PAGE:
Some of their proposed research priorities may be better suited to the humanities (e.g. philosophy, ethics, etc) than to science, such as the proposed focus on the “the value of nature, responsibilities to future generations and social justice”. Think about someone like Clive Hamilton (from Charles Sturt University) who is a professor of public ethics, not sustainability science. Another interesting aspect of the paper is that words like “limits” and “boundaries” (i.e. planetary boundaries) are not used in it.
In contrast the earlier programmatic paper published in Science in 2001 argued that the following question is a core question for sustainability science: “Can scientifically meaningful “limits” or “boundaries” be defined that would provide effective warning of conditions beyond which the nature-society systems incur a significantly increased risk of serious degradation?”
The question of what the appropriate role for science is in defining limits (or boundaries) is a complex and controversial one. Social scientists like Melissa Leach (in the book The Politics of Green Transformations) argue that limits – such as the definition of “safe” and “unsafe” amounts of global warming, and green limits such as “planetary boundaries” that have recently been proposed – are socially and politically constructed, not “natural” phenomena, and require value judgements which go “well beyond the remit of scientific inquiry” (see Leach, 2015). From this perspective sustainability science should be a social science which aims to understand how such limits get defined, negotiated, subjectively interpreted and acted upon (rather than, say, part of the natural sciences).
Some thoughts on possible directions for sustainability science and research priorities
Lately I’ve been thinking about many of these issues in relation to energy. As many others have noted energy is central to many sustainability challenges, not only climate change. In particular – linked with some current research – I’ve been thinking about aviation, and this suggests to me that pragmatic approaches are needed and ought to more strongly frame sustainability research.
I say pragmatic because I can’t see humanity giving up the benefits of air travel, especially for international travel. To me this means we need to stop fretting about dreaded “techno-fixes” and embrace technological solutions for some problems. Here the sustainability challenge is arguably to support the advancement of sustainable aviation fuels and achieve related changes in the aviation sector. Some have argued that these changes will essentially be forced by rising oil prices and carbon costs (e.g. inclusion of aviation travel in carbon prices or emissions trading schemes); however a range of uncertainties – technological, market, and policy uncertainties – hamper action, along with the potential for market failures (which could constrain development of bio-derived fuel supply chains) and related biofuels supply issues (e.g. competition for biomass resources, R&D challenges, etc).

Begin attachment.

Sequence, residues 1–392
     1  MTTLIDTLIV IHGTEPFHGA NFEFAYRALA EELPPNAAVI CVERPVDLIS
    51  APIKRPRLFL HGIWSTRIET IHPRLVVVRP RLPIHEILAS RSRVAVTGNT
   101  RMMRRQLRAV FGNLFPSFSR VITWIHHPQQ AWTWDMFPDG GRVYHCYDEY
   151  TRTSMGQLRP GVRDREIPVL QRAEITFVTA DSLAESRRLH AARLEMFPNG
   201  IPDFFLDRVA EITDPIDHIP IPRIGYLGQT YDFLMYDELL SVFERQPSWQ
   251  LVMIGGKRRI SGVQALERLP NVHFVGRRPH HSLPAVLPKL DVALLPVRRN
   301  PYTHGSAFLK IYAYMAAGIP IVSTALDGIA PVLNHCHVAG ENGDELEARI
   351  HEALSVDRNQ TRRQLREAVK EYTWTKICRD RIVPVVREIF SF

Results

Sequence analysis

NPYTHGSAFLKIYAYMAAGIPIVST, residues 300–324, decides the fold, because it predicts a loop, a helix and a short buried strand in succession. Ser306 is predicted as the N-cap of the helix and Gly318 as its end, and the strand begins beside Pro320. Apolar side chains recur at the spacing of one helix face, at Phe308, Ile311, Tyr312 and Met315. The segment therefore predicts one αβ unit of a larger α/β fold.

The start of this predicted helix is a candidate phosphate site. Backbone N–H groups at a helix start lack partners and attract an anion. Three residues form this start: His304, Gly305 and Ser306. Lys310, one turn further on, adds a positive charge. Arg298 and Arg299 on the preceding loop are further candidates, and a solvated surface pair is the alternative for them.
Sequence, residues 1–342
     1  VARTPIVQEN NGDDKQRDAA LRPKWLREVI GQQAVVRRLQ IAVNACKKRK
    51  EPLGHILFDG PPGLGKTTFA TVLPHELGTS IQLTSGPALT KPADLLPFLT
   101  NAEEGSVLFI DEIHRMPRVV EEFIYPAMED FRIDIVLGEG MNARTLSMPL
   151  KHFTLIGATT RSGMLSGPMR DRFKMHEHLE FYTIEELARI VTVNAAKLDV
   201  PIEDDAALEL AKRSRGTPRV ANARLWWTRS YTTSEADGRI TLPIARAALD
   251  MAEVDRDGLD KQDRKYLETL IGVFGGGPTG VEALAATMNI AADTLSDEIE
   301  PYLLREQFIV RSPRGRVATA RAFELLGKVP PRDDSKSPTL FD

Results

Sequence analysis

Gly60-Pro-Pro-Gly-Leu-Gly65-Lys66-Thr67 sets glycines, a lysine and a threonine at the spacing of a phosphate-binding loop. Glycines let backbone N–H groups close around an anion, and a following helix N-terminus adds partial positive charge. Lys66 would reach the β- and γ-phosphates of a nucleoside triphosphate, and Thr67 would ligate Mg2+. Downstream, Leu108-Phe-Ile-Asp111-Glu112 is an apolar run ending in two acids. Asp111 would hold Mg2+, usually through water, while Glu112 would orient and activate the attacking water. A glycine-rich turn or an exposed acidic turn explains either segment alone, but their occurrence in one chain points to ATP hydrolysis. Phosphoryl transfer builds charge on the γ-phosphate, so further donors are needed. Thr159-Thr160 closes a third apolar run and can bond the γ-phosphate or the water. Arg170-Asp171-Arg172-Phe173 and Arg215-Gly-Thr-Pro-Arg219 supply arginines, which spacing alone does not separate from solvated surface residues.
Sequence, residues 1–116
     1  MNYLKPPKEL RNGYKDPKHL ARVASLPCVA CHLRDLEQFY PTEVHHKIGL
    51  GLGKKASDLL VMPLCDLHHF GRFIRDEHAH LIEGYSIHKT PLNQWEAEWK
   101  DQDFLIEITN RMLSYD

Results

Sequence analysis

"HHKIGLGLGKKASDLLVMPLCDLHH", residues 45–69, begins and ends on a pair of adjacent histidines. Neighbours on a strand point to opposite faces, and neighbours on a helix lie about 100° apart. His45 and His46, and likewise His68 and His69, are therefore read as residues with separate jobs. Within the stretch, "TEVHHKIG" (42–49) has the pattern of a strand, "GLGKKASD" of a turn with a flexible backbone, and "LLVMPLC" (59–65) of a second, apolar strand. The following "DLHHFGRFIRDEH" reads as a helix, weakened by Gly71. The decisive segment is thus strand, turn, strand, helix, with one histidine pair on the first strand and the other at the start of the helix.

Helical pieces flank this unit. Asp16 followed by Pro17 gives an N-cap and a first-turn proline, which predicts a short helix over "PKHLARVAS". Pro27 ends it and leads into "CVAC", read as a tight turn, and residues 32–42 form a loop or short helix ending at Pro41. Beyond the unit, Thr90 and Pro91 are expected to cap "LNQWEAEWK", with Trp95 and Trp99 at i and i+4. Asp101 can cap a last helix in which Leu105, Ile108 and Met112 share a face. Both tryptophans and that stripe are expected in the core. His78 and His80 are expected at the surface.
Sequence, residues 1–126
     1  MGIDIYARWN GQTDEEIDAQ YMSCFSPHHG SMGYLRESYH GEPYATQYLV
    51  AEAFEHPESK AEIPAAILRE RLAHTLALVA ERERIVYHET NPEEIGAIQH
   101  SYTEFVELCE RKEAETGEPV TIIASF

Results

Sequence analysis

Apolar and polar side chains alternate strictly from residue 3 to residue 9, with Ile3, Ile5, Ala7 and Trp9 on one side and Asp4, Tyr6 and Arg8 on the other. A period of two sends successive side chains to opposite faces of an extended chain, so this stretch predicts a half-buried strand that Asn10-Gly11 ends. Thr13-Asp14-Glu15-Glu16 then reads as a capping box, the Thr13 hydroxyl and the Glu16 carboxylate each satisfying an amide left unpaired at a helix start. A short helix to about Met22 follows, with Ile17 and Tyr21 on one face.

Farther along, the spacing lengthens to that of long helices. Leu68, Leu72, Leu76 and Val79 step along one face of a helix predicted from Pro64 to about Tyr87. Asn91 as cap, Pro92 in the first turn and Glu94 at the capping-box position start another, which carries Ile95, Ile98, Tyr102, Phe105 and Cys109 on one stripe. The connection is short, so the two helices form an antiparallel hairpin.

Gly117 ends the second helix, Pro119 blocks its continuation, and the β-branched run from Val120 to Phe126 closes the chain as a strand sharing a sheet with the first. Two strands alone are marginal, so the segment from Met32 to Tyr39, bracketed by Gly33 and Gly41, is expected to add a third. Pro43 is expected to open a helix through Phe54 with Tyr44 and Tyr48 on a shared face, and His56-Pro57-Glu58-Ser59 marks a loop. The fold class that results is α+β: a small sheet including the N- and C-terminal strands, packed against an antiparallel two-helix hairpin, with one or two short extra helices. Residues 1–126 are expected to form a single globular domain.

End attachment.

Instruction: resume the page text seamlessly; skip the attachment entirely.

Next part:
Consistent with the above example, in a paper recently published in Environmental Politics Symons and Karlsson argue that ecological values “are poorly suited to addressing the global dimensions of energy and climate challenges” and that “technophilic preservationism is incompatible with existing environmental ‘logics of practice’”. This emphasises the importance of values.
Another example on my mind is the electrical grid and enormous investments that have been made in it. Decision-making and policy around the evolution of the grid has heated up in context of climate change, technological change, and regulatory issues. The stakes are high for involved firms, policy-makers, energy users and for action on climate change and sustainability more broadly.
From these perspectives ‘sustainability science’ is less about understanding ‘coupled human-natural systems’ (and the interactions between them) or defining limits / boundaries, and is more about cultivating and directing innovation processes and capacities (Naam, 2013), building the capacity to act in the face of uncertainty and contention, technological change, and understanding factors that reduce the level of vulnerability to environmental change (e.g. climatic change, etc) and variability.
An additional aspect that I’ve addressed on this blog is the emphasis on predicting distant futures. I sometimes term this long-term orientation the ‘prophetic tradition’ of sustainability research and practice. In many sustainability-related domains and issues the quest for definitive, predictive knowledge should be abandoned – i.e. that is to say, often science cannot “be a predictive oracle to guide policy choices” (Sarewitz, 2004 p. 400). This demands alternative approaches to decision-making and greater recognition of the limitations of science (Pielke Jr, 2001; Sarewitz, 2004).
Broader pragmatic stances also seem to me to be justified. That is, global capitalism forms the context in which green transformations will have to emerge and the “terrain” on which strategies must be developed and implemented (Newell, 2015). Therefore, more thought and explicit attention needs to be given to these political economy dimensions (which often seem to be poorly addressed) and related “relations of power which enable and frustrate change” (Newell, 2015). This is not to say that issues with current forms of capitalism shouldn’t be highlighted and addressed (e.g. inequality), but it is to say that there is no point denying the realities of existing capitalist economic systems.